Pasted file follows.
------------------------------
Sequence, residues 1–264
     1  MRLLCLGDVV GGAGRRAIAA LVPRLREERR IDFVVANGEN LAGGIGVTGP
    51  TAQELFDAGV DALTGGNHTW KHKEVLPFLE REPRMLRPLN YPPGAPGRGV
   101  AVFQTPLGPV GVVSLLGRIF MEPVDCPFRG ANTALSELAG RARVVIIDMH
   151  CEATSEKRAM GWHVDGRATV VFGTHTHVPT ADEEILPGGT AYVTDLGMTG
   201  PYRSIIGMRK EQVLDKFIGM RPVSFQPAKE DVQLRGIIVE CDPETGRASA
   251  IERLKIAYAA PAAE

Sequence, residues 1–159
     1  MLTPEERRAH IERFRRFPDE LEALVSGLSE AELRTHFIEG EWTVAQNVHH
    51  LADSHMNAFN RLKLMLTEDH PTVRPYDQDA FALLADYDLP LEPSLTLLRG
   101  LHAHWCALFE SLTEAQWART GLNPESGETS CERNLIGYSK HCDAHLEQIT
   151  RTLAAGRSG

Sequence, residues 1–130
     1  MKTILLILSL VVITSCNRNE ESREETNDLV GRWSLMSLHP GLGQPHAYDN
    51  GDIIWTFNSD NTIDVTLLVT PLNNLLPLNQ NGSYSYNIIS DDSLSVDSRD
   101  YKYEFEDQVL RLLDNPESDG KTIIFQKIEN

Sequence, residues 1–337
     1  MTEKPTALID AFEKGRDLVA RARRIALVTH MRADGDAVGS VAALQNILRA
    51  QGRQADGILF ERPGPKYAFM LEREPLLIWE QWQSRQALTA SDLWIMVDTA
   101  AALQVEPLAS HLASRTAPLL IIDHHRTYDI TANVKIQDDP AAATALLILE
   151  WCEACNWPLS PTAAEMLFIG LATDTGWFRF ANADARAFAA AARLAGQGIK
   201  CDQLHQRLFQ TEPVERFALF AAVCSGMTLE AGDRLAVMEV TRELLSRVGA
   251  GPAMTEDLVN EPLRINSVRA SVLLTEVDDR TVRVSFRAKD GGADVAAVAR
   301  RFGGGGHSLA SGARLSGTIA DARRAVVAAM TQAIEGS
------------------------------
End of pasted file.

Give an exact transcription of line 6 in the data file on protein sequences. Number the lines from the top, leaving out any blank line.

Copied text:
   201  PYRSIIGMRK EQVLDKFIGM RPVSFQPAKE DVQLRGIIVE CDPETGRASA